As you round a corner in a pretty commercial street you suddenly are taken by the form that blocks your progress, and you have difficulty deciding between looking at "Puppy" which is vaguely recognisable as a puppy, or trying to comprehend the silver shapes that at once appear to come towards you and recede into the hillside behind.
What can anyone say to describe this structure.?
And how can you take enough photographs to portray it accurately?
Perhaps it is best not to try and simply let the images speak for themselves.
Puppy still on guard.
Jim Dine's Venuses take on new dimensions that transform with every step you take.
And steps you must take to climb back up to the rectangular world we normally inhabit.
The Guggenheim, for some reason known only to itself has a rule forbidding photography of any type inside the museum. In a pathetic, ludicrous and utterly laughable effort to enforce this nonsensical rule, the camera nazis at the entrance take any camera they see outside of a camera bag and seal it inside a plastic bag.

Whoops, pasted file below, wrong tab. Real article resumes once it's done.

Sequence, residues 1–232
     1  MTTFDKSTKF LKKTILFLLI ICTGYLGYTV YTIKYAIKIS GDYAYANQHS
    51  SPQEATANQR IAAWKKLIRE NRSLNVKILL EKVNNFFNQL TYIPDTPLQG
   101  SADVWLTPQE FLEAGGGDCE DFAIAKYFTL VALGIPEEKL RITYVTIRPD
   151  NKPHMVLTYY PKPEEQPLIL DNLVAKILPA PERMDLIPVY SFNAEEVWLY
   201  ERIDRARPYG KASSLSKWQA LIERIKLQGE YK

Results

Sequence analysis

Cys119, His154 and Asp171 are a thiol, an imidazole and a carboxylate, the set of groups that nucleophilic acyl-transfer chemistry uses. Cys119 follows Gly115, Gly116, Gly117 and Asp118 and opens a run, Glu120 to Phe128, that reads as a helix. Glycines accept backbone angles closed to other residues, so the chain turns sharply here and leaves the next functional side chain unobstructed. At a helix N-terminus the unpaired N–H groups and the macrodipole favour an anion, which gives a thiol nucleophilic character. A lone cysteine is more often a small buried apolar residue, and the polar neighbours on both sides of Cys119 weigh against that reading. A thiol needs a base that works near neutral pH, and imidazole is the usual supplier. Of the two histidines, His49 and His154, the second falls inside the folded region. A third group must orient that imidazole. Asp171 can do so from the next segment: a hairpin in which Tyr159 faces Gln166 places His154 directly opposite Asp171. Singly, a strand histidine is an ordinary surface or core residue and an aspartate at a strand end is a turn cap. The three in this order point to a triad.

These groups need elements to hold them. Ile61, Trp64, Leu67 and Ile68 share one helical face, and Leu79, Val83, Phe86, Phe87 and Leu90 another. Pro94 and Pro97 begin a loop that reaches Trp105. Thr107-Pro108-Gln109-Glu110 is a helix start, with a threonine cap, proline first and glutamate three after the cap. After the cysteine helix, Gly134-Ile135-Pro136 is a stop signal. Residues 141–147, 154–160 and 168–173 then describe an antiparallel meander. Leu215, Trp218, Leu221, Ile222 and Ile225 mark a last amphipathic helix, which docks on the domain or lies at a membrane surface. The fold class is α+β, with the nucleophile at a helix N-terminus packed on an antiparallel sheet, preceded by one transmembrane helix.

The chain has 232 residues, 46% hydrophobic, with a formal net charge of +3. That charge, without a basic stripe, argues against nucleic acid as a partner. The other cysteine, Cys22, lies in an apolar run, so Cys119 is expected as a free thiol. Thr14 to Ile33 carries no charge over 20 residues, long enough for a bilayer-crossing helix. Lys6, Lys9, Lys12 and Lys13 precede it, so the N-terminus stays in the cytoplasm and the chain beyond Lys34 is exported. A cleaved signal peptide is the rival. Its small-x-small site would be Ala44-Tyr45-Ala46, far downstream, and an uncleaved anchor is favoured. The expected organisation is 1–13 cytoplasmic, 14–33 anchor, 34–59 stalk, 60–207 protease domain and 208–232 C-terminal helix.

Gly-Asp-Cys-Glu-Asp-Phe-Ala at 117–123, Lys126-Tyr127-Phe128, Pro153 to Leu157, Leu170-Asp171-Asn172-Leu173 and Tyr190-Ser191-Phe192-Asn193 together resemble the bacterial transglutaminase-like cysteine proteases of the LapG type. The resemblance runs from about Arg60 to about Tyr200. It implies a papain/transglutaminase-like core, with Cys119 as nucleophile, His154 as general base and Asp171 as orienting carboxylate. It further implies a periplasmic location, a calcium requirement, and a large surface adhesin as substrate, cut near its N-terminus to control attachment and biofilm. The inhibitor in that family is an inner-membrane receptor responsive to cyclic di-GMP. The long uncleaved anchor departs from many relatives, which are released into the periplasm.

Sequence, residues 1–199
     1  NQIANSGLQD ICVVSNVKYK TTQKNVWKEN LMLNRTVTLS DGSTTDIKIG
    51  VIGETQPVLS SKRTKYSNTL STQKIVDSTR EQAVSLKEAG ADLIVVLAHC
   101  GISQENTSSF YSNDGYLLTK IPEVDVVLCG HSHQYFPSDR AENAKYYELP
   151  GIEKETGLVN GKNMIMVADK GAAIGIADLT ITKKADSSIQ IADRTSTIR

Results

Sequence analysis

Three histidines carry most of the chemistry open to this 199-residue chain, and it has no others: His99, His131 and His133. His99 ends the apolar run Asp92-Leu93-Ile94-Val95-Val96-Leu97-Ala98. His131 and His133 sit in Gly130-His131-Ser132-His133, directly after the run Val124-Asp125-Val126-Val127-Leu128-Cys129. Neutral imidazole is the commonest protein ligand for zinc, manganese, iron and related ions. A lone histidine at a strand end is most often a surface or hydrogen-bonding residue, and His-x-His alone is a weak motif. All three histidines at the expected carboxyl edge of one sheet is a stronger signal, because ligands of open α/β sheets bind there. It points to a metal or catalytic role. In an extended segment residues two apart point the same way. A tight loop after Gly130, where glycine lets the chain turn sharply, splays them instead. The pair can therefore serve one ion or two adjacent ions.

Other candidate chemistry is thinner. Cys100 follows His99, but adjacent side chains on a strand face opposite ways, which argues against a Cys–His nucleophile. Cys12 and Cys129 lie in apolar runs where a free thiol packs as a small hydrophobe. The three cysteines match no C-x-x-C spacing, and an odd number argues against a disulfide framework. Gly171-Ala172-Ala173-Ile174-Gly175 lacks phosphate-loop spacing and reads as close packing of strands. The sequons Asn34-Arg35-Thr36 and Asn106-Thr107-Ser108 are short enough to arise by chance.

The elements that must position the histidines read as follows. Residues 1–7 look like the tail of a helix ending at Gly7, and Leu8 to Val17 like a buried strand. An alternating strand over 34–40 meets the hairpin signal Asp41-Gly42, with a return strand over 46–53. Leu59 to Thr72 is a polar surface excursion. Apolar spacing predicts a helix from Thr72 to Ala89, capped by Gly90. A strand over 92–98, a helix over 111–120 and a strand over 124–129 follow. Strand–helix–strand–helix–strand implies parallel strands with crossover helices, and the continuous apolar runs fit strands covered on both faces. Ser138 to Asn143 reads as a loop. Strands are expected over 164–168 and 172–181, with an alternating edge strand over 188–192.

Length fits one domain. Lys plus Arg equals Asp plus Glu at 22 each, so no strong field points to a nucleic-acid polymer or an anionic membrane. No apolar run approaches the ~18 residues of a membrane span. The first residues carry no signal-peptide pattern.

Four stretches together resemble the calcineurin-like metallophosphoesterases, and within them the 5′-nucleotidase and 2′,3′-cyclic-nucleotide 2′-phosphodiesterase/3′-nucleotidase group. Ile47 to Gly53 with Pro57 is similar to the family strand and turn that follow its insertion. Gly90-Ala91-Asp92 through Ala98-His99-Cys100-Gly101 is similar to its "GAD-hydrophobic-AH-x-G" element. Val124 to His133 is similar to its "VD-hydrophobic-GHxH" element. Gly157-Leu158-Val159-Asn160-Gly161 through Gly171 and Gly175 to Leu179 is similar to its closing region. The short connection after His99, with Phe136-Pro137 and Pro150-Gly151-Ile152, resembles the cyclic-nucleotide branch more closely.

In spite of, or perhaps because of, this rule Trisha managed to cut open the plastic bag and proceed to use her very small 'secret squirrel' camera to take the following shots of an interior totally unlike any other any of us had ever experienced.
Below we looked out to see one of Louise Bourgeois' 'Spiders' on the forecourt.
Below is particularly appealing and evocative interior shape that serves no readily discernible purpose save to help transform this construction from a building into a gigantic work of pure sculpture.